The Miseducation of Informal Sector Biashara

 

Biashara in Africa’s emerging economies – Nigeria and Kenya – are at loggerheads with the state.  An ever bulging young demographic  and a failure to absorb them into the formal economy has resulted in increased biashara.  The informal sectors’ low barrier to entry favours entrepreneurial Africans. They have carved out biashara opportunities for themselves mostly in trade and services.

But, the peculiar nature of the informal economy presents a challenge for state agencies. [Read more…]

PesaBit #003 : Why the Matatu Cashless payment initiative failed

bebapay-googleafrica-tweetA little more than a year ago, Equity Bank and Google partnered to offer Nairobi commuters NFC based prepaid cards and simultaneously equipped matatu touts with android phones accepting NFC payments. No issuing, acquiring and transactions fees were involved; matatu owners now had an auditable tool to aggregate daily collections straight into their bank accounts. In light of Kenya’s fast tech based economy, on paper and high up in the boardrooms, this was ostensibly a brilliant idea.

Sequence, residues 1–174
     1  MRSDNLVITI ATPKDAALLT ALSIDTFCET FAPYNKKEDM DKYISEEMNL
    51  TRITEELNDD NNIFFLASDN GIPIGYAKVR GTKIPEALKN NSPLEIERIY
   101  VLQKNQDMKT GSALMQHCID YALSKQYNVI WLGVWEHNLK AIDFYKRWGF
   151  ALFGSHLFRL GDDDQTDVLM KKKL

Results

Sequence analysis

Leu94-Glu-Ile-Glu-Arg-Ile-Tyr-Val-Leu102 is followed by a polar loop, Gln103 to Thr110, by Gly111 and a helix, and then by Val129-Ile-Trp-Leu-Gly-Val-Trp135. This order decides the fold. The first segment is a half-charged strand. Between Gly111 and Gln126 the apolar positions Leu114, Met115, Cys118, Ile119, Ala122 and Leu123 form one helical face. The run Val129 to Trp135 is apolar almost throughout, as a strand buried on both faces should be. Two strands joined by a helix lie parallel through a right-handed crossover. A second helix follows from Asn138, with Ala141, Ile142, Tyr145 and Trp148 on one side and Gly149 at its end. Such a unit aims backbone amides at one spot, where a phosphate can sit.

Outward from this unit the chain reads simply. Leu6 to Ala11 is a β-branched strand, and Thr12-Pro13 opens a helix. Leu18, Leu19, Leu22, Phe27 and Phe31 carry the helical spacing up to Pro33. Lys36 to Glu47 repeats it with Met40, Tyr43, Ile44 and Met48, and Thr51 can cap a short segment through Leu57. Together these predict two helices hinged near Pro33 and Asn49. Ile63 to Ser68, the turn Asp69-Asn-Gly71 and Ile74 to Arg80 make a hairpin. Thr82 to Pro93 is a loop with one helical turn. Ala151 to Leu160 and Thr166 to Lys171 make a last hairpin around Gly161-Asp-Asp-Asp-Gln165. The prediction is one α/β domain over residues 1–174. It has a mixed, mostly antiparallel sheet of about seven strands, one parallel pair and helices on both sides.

Today, the online business daily ran a title “Family bank joins quest for cashless fare license”. The Kenyan Government has been keen to formalize the 218 Billion ($ 2.44 billion) public transport industry – matatus (collectively, vans and buses). Despite its obvious far reaching implications on curbing corruption, inefficiency, regulation and taxation– the move hit a snag and I wonder if Family Bank have an alternative to where its predecessors – Equity Bank and Google fell short. [Read more…]

Matatus BodaBodas and Financial Inclusion in Kenya

matatu

Matatu public transport industry was legalized in 1973 by a presidential decree. The growth of this mode of transport has sparked a wave of matatu SACCOs that is vastly catching on. This initiative is driven in part by government and partly by matatu owners’ cognisance of the benefits to be accrued from cooperatives. The latter is grossly understated despite its significance. The matatu industry makes up 80% of the transport system and is estimated to generate revenues worth Kshs. 73 billion annually; Kshs. 4 billion of this turnover supports the insurance industry while Kshs. 1 billion is collected as tax revenue through licenses. The industry creates direct and indirect jobs for over 500,000 people majority of whom are the youth. As with other industries, growth to such levels dictates some form of regulation; self regulation encouraged by the government to formalise the sector. The impetus of this move has been the operation of cartels on routes, volatility of commuter prices, surge in deaths from road carnage and blatant disregard of traffic rules. As from 2011, matatu operators are now mandated to join SACCOs to acquire the Transport Licensing Board Certificate. On the frontiers of this model is 2NK SACCO; credited with early adoption of this model and spearheading the model in the country. [Read more…]